May 6, 2010
Dear Angel: Do you have any thoughts about the proper skirt length for an office these days? A lovely young woman, recently out of college, has begun working in our office, and she wears her skirts very short. I don't know how she can sit down. That said, she's very bright, personable and has a great figure and looks good in the skirts, once you get past the fact there's nothing to them. But I fear the shortness may be affecting her in negative ways. I've overheard guys, including her bosses, joking about it, and frankly I don't want her held back because of the way she dresses. But I feel that I would be interfering to say anything to her (or look like a jealous busybody — help! I'm only 42!) Any ideas about how to handle this?
Dear Perplexed: You know the old saying, "Hemlines might go up and down, but good taste is always knee-length?" I just made that up. It sounds like your colleague would be receptive to a kindly Big Sister talk. Tell her just what you told me: She looks great, but she might be getting the wrong kind of attention from the men she wants to impress in a different way — with her talent and skill. If you think she'd perceive your advice as meddling, follow the wisdom of the late Ann Landers: MYOB (Mind Your Own Business). That's always a good backup plan.
Dear Answer Angel: Is it true that moths attack only garments that are 100 percent wool? Does a jacket that's 96 percent wool and 4 percent elastane need to spend the moth season in a cedar closet or mothballs? Is there a tipping point, i.e., a percentage of wool above which the moths are interested? Thanks for your help.
— Wool Wearer
Dear WW: No, it's not true. Moths love wool no matter what it's blended with! And it's not just wool. They also go for anything containing animal fiber, such as fur, silk, feathers, felt and leather. Even if there's just a little of any of that in the blend, your clothes are on the moth menu. Michael Potter, an entomology professor at the University of Kentucky College of Agriculture, tells me the best way to protect your stuff is in tightly sealed plastic containers ( Wal-Mart, Target have loads) and zippered clothing bags. He says cedar chips and cedar closets aren't much good. Meanwhile, there's a growing concern about the health risks of mothballs and flakes, Potter says. Besides, they stink. So, you might want to skip those too. Before storing vulnerable items, dry clean or run through the dryer at low setting to kill the critters. But, if you've got a significant problem, you need to find the source and eradicate it, or you're in for more munching misery.
Dear Answer Angel: Need your advice! My question is regarding women's jackets. I often wonder how to determine whether a jacket is meant to be an indoor or an outdoor jacket. Take, for example, a belted trench-style jacket, a style I love. I'm also referring to a shorter type of jacket without a belt. Or even a pea-coat type of jacket. I like to wear any of these jackets either outdoors or indoors, such as at the office, or at church, or when visiting at someone's home. Are there "rules" about this?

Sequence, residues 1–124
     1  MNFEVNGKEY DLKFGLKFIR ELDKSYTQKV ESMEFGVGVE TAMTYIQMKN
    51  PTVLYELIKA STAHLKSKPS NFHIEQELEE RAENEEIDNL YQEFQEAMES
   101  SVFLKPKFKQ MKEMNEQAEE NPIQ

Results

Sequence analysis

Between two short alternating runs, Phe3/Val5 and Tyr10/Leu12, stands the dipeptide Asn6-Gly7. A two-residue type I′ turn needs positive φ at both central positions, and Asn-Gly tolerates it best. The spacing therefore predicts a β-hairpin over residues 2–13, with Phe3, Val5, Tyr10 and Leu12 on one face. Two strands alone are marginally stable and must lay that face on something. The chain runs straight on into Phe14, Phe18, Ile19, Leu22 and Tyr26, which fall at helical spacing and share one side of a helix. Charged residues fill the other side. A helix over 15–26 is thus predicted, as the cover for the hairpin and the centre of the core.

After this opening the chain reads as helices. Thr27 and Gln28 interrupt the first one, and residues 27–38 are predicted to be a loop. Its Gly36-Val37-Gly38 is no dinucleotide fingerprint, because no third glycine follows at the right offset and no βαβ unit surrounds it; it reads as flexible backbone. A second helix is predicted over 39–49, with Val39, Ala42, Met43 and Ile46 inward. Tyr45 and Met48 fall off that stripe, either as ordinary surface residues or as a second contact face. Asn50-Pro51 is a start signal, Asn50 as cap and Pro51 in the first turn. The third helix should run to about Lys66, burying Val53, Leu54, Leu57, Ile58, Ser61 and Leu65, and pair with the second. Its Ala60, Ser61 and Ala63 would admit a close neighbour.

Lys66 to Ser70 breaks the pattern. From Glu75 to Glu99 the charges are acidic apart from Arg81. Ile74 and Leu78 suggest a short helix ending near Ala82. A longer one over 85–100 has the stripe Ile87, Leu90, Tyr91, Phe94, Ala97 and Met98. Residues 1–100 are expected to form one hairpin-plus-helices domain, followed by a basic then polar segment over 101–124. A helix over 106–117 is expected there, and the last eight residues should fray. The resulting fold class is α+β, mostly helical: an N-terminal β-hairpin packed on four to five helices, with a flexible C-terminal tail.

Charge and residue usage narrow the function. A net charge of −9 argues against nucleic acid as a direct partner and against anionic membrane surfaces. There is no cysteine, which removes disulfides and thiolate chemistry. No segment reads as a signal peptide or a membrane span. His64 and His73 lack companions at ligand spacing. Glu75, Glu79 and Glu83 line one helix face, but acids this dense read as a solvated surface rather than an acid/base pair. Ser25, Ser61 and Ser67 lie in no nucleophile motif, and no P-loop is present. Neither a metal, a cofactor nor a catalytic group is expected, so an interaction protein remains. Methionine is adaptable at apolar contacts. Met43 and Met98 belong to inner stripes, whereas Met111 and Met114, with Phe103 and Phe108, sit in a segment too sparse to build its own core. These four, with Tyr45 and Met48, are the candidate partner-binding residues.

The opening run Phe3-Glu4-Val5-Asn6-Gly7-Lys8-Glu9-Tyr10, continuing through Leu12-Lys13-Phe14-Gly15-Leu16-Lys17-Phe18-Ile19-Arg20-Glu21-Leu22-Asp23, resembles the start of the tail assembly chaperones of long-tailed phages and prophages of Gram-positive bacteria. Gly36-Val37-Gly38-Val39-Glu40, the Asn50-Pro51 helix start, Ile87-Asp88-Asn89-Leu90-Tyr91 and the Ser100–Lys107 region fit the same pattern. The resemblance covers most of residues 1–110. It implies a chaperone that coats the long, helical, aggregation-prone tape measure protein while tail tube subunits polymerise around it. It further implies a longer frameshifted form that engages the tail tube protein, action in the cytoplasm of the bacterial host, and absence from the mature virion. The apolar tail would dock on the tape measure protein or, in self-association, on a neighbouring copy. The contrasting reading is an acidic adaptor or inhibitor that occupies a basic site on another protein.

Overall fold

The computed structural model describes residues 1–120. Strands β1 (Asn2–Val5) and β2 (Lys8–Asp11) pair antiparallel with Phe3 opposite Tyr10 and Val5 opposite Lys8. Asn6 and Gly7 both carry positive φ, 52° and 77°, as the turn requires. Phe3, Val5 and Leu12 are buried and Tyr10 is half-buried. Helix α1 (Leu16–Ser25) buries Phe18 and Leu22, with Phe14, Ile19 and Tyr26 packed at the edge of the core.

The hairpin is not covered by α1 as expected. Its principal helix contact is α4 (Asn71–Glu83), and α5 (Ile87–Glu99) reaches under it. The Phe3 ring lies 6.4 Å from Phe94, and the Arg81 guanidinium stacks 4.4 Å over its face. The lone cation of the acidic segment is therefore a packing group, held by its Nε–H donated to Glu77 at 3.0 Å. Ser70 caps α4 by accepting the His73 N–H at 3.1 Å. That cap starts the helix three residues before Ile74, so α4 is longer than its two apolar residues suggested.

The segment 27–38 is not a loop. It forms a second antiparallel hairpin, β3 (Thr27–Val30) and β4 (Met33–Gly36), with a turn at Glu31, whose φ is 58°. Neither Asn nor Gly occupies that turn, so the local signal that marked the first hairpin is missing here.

— Jacket Lover
Dear J.L.: In fashion, there are no rules. Or they're made to be broken. The best guide here is common sense. Face it, you're not going to be wearing a heavy coat indoors. A thick lining that makes the coat bulky also tells you it belongs outside only.
But, I've seen cotton belted trenches from the coat department that are so lightweight that they'd look great as a dress or tunic with pants. Biker jackets are hugely popular this year and are fine indoors and out as long as they're not really heavy leather. If it's rubbery, has a waterproof vibe or is very shiny patent, the jacket probably is meant to be outdoors only.
Still unsure? Try this test: If you can push up the sleeves, chances are you can wear it indoors.
Dear Answer Angel: My husband is tall (more than 61/2 feet) and has very muscular legs; as a result, he can't find jeans! Everything is skintight around his thighs or too big at his waist. He used to be able to special order jeans from Lands' End, but they discontinued that option. He wears jeans every day and is down to just one pair. Where can he find jeans that are stylish but also fit? Growing a beer gut or wearing "mom jeans" are not good options.
— Desperately Seeking Jeans
Dear Desperate: Glad to hear you've ruled out mom jeans for your man! You can buy Levis online (levis.com) up to a 40-inch inseam for waists 34, 36 or 38, but if that won't do, you might try bigmen.com, where the jean inseam max is 42 inches — and an 88-inch waist! ("We fit the toughest of the tough," I was told.) I've been swapping e-mail with India-based makeyourownjeans.com, where you specify your measurements (including those muscular thighs). Cost starts at $49 plus $15 shipping; the options of style and color are dizzying. Women's jeans also are available.
Shop, drop, ask for help: Yearning for a friend (only better) to tell you what to choose, where to look, how to get good value? Relax, now you've got an angel on your shoulder. Send questions large and small to firstname.lastname@example.org.
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